By Andrea McCann
Washington Times Herald
Daviess Superior Court Judge Dean A. Sobecki on Wednesday accepted a plea agreement in which Jeff Jones of Washington pleaded guilty to two counts of child solicitation while he was pastor of Church on the Way, 700 W. VanTrees St.
Child solicitation is a Class D felony, punishable by six months to three years incarceration and up to a $10,000 fine. According to the plea agreement, Jones will serve two consecutive three-year terms on probation, pay court costs and applicable fees, and spend 180 days on work release. When his work release is completed, he’ll be on home detention for two years.
Other terms of the plea agreement include no contact of any type with the victim or her family, and Jones must return any electronic communication from the victim. He also must obtain sex offender counseling and register as a sex offender.
“Pursuant to the plea agreement, if you successfully complete the terms of your probation, you may petition the court for treatment as a Class A misdemeanor,” Sobecki said as he explained the terms of Jones’ probation and home detention.
The charges against Jones stemmed from an inappropriate relationship with a teenage female who attended his church. Jones admitted to the affair after the girl’s parents learned about and reported it.
According to the probable cause affidavit in the case, Jones took a 14-year-old female “under his wing” about three years ago, calling himself her “spiritual father.” He told the police investigator his relationship with the girl had started with her looking to him for guidance.
The teen told investigators the first time Jones touched her was just prior to her 16th birthday. After she turned 16, he told her God spoke to him in dreams about the two of them being married someday. He also told her about dreams of them being alone together and having sexual intercourse.
At his sentencing hearing, Jones read a statement to the judge, telling him he respects the difficulty of the judge’s job in helping to turn the world back into a godly place. He quoted Romans 13:1-2, which says: “Let everyone be subject to the governing authorities, for there is no authority except that which God has established. The authorities that exist have been established by God. Consequently, whoever rebels against the authority is rebelling against what God has instituted, and those who do so will bring judgment on themselves.”
Jones said he takes responsibility for the decision he made that brought him to the judge’s courtroom, that he’s deeply sorry, and that he’ll regret it the rest of his life. In addition, he apologized for the pain he caused the victim and her family, saying he’d pray for their healing. Jones said he expects God to use the situation to show how a wrong decision can cause pain.
“Mr. Jones, I think there may be a lesson to be learned by everyone,” the judge said. “There are consequences to actions not only here, but afterward.”
Emphasizing that Jones’ actions affected many lives, Judge Sobecki pointed out even the name of the case — The State of Indiana vs Jeff K. Jones — indicates it’s not just a crime against one individual, but it’s a crime against the community. Several community members packed the courtroom for the sentencing.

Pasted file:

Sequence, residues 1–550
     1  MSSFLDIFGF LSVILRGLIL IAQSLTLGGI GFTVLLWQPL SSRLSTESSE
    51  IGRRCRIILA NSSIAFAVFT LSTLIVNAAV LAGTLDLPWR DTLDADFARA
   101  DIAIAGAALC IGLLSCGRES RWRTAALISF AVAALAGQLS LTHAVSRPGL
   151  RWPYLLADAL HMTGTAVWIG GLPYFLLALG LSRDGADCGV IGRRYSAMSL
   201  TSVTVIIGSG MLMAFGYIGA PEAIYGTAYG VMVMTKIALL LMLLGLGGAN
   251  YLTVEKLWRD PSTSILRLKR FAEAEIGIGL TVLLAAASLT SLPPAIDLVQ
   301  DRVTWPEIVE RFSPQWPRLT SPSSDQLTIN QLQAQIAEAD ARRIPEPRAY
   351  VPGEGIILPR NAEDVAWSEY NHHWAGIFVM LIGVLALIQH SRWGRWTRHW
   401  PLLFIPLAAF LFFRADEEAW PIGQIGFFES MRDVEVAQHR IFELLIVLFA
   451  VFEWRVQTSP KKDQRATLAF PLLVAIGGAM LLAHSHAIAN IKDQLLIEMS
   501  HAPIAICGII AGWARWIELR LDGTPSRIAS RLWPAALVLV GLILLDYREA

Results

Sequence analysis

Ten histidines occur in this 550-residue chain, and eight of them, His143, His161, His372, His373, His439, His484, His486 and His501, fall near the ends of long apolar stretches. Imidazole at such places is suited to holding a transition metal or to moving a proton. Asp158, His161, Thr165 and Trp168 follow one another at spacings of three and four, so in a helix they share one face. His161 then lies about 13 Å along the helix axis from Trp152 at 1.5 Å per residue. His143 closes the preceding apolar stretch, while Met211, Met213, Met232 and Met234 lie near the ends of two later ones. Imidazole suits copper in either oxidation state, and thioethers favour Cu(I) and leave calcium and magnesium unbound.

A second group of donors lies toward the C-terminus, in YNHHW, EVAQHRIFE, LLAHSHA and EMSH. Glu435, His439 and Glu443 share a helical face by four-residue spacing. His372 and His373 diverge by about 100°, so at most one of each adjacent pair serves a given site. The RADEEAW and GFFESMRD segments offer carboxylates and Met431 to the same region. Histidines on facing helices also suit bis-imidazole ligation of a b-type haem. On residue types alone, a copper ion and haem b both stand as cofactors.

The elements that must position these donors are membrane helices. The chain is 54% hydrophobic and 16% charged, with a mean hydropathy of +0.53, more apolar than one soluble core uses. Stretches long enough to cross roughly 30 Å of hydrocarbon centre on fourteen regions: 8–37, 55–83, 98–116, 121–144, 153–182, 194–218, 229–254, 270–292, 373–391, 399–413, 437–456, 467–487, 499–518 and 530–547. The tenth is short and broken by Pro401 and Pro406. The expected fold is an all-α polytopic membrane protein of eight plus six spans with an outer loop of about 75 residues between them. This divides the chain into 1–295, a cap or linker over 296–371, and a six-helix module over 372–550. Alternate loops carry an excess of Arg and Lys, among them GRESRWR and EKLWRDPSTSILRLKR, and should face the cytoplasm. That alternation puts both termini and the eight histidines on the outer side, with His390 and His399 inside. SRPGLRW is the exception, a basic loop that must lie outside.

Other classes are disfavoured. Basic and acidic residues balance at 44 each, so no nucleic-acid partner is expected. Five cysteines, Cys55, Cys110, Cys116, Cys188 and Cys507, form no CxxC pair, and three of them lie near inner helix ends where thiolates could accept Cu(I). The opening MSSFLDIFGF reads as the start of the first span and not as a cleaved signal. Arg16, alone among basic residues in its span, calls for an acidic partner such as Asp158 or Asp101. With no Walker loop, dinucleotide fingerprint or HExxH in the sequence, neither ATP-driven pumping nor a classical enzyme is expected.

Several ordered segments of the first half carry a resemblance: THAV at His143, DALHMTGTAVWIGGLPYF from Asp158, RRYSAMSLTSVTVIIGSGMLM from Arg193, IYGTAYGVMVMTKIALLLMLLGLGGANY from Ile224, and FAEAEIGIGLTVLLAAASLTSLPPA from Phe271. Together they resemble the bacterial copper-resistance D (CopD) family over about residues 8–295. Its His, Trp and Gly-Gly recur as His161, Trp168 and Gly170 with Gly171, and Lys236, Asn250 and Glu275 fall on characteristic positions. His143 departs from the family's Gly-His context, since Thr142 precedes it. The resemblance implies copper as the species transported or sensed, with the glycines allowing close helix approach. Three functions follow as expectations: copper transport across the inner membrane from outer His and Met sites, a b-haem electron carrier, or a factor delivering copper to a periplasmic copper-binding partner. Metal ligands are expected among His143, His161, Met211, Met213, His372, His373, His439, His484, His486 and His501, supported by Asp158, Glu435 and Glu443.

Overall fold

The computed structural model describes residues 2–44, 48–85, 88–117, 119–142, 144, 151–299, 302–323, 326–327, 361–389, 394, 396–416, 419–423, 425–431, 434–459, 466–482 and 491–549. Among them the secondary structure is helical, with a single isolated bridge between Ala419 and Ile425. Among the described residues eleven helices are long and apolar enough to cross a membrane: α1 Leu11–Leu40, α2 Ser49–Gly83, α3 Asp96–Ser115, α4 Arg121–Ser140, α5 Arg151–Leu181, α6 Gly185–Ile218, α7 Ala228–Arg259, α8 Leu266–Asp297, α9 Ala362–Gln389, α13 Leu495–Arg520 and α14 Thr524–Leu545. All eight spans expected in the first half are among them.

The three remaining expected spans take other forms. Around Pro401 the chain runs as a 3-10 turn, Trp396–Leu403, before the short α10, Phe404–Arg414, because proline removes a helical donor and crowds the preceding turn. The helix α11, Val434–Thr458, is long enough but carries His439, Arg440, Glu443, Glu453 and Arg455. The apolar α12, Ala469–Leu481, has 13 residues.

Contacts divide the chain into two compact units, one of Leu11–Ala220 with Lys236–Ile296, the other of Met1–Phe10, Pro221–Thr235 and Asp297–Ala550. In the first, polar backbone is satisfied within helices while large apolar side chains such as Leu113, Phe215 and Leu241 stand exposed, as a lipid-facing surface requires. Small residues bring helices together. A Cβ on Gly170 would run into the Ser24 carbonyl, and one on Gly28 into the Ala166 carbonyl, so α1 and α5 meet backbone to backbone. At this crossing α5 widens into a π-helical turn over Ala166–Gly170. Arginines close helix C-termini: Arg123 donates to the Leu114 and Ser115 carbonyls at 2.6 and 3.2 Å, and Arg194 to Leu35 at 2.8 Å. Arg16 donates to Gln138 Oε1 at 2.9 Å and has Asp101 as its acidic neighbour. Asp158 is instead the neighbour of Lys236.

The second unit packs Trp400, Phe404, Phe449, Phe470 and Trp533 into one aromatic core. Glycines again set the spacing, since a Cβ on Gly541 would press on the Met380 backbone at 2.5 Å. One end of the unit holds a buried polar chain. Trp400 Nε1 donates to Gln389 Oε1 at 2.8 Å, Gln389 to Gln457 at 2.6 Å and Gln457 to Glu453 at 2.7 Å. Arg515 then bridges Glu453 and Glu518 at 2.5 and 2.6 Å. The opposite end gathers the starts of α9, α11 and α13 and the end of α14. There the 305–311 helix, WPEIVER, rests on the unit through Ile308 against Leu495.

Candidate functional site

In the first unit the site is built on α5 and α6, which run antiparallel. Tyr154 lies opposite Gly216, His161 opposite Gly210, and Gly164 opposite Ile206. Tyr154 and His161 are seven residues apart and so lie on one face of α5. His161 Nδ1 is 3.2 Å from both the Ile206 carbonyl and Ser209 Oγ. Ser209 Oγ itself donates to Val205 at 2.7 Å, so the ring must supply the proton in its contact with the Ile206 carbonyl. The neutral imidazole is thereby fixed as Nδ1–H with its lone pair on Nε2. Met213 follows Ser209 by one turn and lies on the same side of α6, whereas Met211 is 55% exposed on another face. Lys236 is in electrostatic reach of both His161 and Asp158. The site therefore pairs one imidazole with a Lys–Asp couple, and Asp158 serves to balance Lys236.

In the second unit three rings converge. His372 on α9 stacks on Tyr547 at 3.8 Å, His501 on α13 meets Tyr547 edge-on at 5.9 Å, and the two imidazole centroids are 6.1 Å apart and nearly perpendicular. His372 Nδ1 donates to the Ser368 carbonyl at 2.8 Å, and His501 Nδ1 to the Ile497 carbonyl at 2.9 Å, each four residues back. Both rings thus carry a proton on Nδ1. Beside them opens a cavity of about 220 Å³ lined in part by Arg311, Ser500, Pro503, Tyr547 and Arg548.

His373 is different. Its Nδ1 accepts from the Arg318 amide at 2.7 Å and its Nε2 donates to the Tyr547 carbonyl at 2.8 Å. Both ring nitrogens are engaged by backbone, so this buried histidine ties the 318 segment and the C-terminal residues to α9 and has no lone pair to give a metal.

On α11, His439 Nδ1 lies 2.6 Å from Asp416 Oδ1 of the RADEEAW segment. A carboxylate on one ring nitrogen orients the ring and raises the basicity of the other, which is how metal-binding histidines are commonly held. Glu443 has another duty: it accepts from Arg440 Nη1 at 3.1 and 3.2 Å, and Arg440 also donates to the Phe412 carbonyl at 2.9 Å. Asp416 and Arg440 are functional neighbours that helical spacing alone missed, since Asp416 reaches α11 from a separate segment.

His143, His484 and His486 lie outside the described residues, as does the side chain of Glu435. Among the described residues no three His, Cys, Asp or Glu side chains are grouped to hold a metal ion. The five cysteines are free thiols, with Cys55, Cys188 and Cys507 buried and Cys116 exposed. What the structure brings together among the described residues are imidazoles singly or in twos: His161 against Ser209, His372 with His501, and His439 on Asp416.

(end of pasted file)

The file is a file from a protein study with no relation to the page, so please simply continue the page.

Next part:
“I believe anyone who reads the Bible closely ... is always concerned with the community as well as the victim,” Sobecki said.
“This crime is an assault against the community. You used your position in a sly and secretive way to take advantage of someone else and I think, quite frankly, that’s always a crime. That’s always a sin.
“The state cannot ignore something like that, should not ignore something like that.”
The judge said almost everyone who passes through his courtroom claims to have religion, whether recently acquired or a lifelong commitment. He said he thinks everyone needs to understand that just because someone cloaks him- or herself in religion, it doesn’t make them religious. He told Jones he has an opportunity to prove his comments to the court had meaning.
Sobecki said the fallout from the situation will not pass quickly and will never pass for the victim. He told the courtroom the defendant, the victim and the community will have to decide to work through it.
The victim did not speak at the hearing, and neither side presented witnesses.
“What seems to be missing here is attention to the victim because, quite frankly, that’s the person the court can help least,” Sobecki said, adding the court cannot take the victim back to a time before she was victimized.
Prosecuting Attorney Dan Murrie said: “No legal action can possibly heal this family and cure the overall feeling of betrayal and deception they suffered. However, after consulting with the family, the state identified certain goals that were important to them and then negotiated a plea agreement that reflected those goals. Nothing can ever undo what was done, but under the circumstances, this was the best resolution for the family.
“The idea that the defendant received any special treatment is wrong. Since the defendant was represented pre-charge, there was an opportunity to obtain a resolution in a matter of months instead of years.
“Resolving this case now allows everyone negatively affected to begin to heal.”